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Last Updated: Tuesday, 14 December, 2004, 21:49 GMT
Climate talks bogged down in detail
By Tim Hirsch
BBC environment correspondent in Buenos Aires

Greenpeace activist in Bush mask at the global warming conference in Buenos Aires
UN jargon often makes little sense to those outside the process
As climate experts warn of ever more dire consequences from the impact of global warming, negotiators at the UN climate change conference in Buenos Aires are bogged down in arguments over seminar agendas and who gets to sit where in future discussions.

The annual talks of the UN Framework Convention on Climate Change have always shown a remarkable capacity to descend into seemingly endless discussion of process.

This is made utterly incomprehensible to outside observers by a special language of acronyms and jargon known only to the delegates.

It is common to overhear earnest conversations which go something as follows: "Did you hear the CDM SBSTA discussions on COP MOP 1? The G77 are worried about protocol issues in the convention - but we really have to de-link adaptation from response measures."

Occasionally someone is brave enough to sum up the proceedings in plain language.

Yvo de Boer, the urbane Dutch civil servant with impeccable English who has been heading the European Union delegation at this meeting, told one news conference: "We are talking about talks about talks."

Search for common ground

The talks in question centre on what happens after 2012, when the targets for cutting greenhouse gas emissions under the Kyoto agreement expire.

With that agreement finally coming into legal force in February - seven years after it was negotiated in Japan - many countries feel no time should be lost in discussing its successor.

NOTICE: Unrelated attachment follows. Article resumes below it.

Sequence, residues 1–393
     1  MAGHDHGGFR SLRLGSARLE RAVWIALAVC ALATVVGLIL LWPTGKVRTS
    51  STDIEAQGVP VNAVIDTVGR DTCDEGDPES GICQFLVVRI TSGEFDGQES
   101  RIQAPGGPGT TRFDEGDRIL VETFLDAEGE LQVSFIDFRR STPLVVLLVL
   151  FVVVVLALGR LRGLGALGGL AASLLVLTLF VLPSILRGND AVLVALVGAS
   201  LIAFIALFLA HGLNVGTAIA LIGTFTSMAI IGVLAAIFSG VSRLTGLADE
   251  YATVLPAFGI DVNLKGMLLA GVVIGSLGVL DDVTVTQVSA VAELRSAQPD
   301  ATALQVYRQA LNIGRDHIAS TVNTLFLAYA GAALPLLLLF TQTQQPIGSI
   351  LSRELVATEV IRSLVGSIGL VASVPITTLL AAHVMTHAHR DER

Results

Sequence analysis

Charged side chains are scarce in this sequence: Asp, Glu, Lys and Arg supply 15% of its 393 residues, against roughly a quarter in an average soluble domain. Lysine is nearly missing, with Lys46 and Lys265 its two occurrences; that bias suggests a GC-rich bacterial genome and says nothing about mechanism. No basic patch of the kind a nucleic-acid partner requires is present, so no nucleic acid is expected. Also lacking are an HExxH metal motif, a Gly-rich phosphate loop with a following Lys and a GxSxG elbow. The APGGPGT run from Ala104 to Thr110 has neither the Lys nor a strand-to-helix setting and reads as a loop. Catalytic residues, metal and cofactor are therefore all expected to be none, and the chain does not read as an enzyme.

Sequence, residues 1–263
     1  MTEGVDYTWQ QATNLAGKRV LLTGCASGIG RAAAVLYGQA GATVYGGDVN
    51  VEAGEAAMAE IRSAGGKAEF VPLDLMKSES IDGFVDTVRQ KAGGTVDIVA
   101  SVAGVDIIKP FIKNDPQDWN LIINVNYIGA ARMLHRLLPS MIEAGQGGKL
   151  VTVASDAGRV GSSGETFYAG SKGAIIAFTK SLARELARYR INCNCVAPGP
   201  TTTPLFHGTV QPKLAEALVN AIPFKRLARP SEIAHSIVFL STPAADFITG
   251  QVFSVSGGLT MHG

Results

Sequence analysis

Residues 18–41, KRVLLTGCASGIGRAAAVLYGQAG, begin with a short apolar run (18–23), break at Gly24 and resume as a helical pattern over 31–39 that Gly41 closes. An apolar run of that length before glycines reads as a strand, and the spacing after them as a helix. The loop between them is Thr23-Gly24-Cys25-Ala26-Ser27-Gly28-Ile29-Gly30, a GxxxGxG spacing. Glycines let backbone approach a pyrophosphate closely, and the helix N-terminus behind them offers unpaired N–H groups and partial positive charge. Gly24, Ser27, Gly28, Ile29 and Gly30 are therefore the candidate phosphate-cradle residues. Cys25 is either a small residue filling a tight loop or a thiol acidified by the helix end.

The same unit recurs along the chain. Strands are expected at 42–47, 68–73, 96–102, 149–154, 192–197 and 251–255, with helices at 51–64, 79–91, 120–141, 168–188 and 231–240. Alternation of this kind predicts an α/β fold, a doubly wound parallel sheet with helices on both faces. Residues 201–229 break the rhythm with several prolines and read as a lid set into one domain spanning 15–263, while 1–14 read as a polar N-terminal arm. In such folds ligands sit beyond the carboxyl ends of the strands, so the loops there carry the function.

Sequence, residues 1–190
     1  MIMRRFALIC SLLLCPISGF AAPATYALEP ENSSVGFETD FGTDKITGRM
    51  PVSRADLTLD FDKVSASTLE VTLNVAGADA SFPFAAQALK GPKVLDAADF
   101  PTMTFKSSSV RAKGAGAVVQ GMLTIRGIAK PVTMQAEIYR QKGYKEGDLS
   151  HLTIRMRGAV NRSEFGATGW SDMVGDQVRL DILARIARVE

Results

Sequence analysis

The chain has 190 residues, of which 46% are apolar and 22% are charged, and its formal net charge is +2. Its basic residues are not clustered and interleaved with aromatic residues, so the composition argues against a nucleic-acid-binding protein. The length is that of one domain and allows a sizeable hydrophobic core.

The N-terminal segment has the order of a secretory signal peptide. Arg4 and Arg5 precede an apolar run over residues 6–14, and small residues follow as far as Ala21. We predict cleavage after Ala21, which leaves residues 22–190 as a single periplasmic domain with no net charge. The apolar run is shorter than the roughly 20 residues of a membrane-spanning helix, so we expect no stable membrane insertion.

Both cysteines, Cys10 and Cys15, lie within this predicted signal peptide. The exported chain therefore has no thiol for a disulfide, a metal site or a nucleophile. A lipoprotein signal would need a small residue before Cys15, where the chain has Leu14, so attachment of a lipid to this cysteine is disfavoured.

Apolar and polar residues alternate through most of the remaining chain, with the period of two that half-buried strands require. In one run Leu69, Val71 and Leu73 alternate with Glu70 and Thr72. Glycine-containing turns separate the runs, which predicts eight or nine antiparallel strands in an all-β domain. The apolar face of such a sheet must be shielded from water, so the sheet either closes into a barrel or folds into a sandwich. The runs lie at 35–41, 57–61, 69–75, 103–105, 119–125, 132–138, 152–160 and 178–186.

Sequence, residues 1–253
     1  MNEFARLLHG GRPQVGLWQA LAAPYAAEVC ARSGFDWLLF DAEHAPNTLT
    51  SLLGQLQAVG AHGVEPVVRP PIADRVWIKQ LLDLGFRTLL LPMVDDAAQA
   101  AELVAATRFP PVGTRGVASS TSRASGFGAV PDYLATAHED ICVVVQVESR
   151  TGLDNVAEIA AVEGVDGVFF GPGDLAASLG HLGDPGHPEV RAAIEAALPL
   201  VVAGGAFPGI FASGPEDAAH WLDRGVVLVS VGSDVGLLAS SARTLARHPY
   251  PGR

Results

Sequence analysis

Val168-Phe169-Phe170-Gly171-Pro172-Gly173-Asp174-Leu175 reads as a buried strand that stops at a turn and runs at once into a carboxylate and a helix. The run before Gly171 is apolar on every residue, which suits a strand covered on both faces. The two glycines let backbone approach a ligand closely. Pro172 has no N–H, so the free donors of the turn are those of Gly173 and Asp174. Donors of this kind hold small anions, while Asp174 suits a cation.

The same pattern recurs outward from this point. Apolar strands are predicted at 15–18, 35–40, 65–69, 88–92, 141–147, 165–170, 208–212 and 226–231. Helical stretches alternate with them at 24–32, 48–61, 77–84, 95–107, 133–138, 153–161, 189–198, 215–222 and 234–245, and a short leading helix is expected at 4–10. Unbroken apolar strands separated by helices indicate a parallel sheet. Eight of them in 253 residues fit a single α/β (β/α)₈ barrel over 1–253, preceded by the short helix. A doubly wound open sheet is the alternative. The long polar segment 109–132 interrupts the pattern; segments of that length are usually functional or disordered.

A rice vendor in Beijing, China
China's staple diet will suffer from the effects of global warming
This is partly because the average emission cuts of 5.2% from industrialised countries are widely seen as a very modest start to a meaningful effort to reduce human interference with the climate.

The Argentine organisers of this conference have proposed a series of seminars in the course of 2005, ahead of more formal discussions in a year's time on longer-term action.

Pretty uncontroversial you might think, but government representatives have been struggling for more than a week to find common ground on the remit of the seminars, how many there should be and where they should take place.

With the US still resolutely refusing to take part in Kyoto, the Americans want the discussions simply to be a review of the action taken by governments to curb emissions.

Others, such as the EU, insist they must look ahead to the future.

That has not stopped environmental groups here from castigating the Europeans for "bending over backwards" to accommodate the Bush administration by proposing a format for the talks that would allow the US to be involved.

Likely impact

And the Americans have been complaining that they will be locked out of some of the formal meetings discussing the mechanics of implementing the targets set by Kyoto.

Because they have not ratified the protocol, they will be allocated "observer status" at these discussions.

US negotiator Harlan Watson bitterly complained that this would involve watching them by video link rather than being allowed to sit at the table.

Some of the other participants think this is rather like someone who did everything possible to wreck a party insisting on being given an invitation.

Amongst all this bickering, a report released by the European Climate Forum, with the backing of the leading insurance company Munich Re, listed some of the impacts likely to emerge if global temperatures were allowed to rise by more than 2C.

That could only be prevented with measures far beyond those being proposed.

The report estimates that a rise of between 2.5C and 3C could reduce rice yield in China by up to a fifth.

In Peru, the melting of Andean glaciers could threaten both the water supply of the capital Lima and power generation which is heavily dependent on hydro-electricity.

For the moment though, the talk is still about the talks about talks. And they keep talking.


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